I met such one woman today, a new client, an absolutely gorgeous thirtysomething Persian woman.

During our initial conversation, as I asked increasingly penetrating questions about her financial situation and by extension family life, she admitted (with tears in her big brown eyes) that she made a mistake, that she wished she had stayed with her soon-to-be ex-hubbie, that she didn't know how good she had had it with him.

Funny, but it's rare to encounter such women.

Laguna Beach Fogey said...

*one such woman

Daniel said...

Utopian? Hell, I'm living proof. The State doesn't validate mine. Unless you are into group sex, the king, magistrate, judge, priest, etc. do not consummate the marriage. That they can endorse or deny a marriage before or after the fact is irrelevant to who has entered the agreement.

Daniel said...

Your reality is frighteningly narrow. Man, wife, Jesus is the norm in my circle on the Christian side (non-Christian side even has a few man-wife only that have endured for 40+ years.)

Are you misunderstanding something or am I?

Mr. Nightstick said...

I think it's because you are talking about a marriage while I am talking about the system. The system that you describe could only work after Christ's return and in those days there is no marriage.

Mr. Nightstick said...

Then one day, hopefully far in the future, you and your wife will die and then the state will insure that your assets pass to your heirs, the produce of your marriage. The reason the state is needed is it insures a third party, such as a bank, decides not to keep your money from your heirs. Maybe you are so fortunate to have it all figured out but I don't see how we could base a whole system on your example.

JCclimber said...

What's really amusing, Nightstick, is that per the examples provided above by Vox, this is exactly the way it was for hundreds of years. The state dictating the contract of marriage is a recent development. As per Vox's statements, it is about 1% of the history of marriages.

I don't see how you could think this could only exist in fantasyland, since we have the vast majority of history as a real world example.

Aaron B. said...

The state may be needed to make sure my assets go to my heirs, whether I was married or not. What does that have to do with marriage?

Mr. Nightstick said...

JCclimber - You can't go back. Common law marriage requires common law which is not what it used to be.

Aaron B. - Lots of things that I am too lazy to go into.

Anonymous said...

I note that divorces are cited as having risen by 1900 (beginnings of women's suffrage), rose much higher by 1960 (beginnings of modern feminism), and peaked in the early 80s -- at which point fewer people were getting married (as is noted) and those who still were were the ones whose marriage survived the 60s/70s. Ie, if you didnt get divorced then, you probably never would. The point being in the earlier days, women didn't have much in the way of rights, and were often essentially considered property, an area in which governments have always taken a keen interest. Although it annoys me that I would need to get a license to get married (a waste of my time and money), the fact remains that men and women being in "relationships" (that often result in children) is a phenomena that far predates governments as we know them and will not be going away. Governments need to acknowledge this simply because it's so fundamental to the societies they govern. Unless governments want to take a complete hands off on issues such as but not limited to inheritance, who is responsible for providing for children, whether my gf/wife can be forced to testify against me, whether i can be married to my 12 year old daughter, and whether I can be married to more than one person then government is going to be forced have some kind of legal definition of marriage and what the legal ramifications of being married or not are. I really doubt it's workable for them to just say we are going to completely ignore all that.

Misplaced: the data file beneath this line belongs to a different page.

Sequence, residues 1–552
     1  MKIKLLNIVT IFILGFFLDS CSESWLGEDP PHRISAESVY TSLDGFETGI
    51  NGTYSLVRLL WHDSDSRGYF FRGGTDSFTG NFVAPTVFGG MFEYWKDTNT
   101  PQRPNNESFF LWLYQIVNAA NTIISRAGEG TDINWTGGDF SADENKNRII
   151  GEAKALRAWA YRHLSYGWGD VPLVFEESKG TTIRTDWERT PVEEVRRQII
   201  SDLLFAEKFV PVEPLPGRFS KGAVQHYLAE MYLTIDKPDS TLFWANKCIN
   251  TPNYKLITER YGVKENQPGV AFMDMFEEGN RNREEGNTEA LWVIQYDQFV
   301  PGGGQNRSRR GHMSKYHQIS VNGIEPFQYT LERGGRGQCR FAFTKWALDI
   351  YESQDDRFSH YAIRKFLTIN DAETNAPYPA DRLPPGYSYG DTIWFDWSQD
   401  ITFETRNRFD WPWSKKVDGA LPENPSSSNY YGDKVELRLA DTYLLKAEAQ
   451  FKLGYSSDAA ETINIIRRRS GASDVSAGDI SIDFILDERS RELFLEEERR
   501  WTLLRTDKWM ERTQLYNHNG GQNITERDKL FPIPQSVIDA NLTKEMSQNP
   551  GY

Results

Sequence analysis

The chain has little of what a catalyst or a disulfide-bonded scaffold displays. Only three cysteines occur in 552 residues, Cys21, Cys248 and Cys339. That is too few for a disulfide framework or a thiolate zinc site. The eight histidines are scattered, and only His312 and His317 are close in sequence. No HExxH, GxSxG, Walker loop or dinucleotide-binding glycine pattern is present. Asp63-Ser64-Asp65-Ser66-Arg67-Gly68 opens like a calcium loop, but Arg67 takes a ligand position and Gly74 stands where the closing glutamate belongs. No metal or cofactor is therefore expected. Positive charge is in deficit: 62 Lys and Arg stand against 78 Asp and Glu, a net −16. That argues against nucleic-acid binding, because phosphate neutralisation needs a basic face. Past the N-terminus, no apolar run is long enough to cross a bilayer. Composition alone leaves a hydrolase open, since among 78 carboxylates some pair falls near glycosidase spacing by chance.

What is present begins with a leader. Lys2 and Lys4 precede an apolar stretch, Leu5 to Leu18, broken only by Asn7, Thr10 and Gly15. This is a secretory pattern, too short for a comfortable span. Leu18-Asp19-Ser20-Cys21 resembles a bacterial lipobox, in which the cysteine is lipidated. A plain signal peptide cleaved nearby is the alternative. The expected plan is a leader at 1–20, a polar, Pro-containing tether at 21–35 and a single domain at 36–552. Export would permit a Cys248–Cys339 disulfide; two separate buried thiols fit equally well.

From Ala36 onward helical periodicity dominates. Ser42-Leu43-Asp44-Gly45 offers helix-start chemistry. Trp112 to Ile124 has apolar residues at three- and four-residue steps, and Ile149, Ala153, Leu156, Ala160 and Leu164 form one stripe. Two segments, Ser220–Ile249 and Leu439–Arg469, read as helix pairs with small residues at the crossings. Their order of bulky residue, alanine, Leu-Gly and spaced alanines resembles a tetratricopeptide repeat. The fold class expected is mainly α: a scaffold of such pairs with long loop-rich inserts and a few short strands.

I contend that marriage did not "survive 6000 years without government". The Romans certainly had laws about it. The US government flatly told Utah it would not be accepted as a state unless it ditched polygamy. Whether in the form of property rights or the current marriage laws that only existed after the rise of feminism, governments have been quite involved in marriage because it is not practically possible for them not to be. Don't blame government for destroying marriage, blame post-Christian philosophies.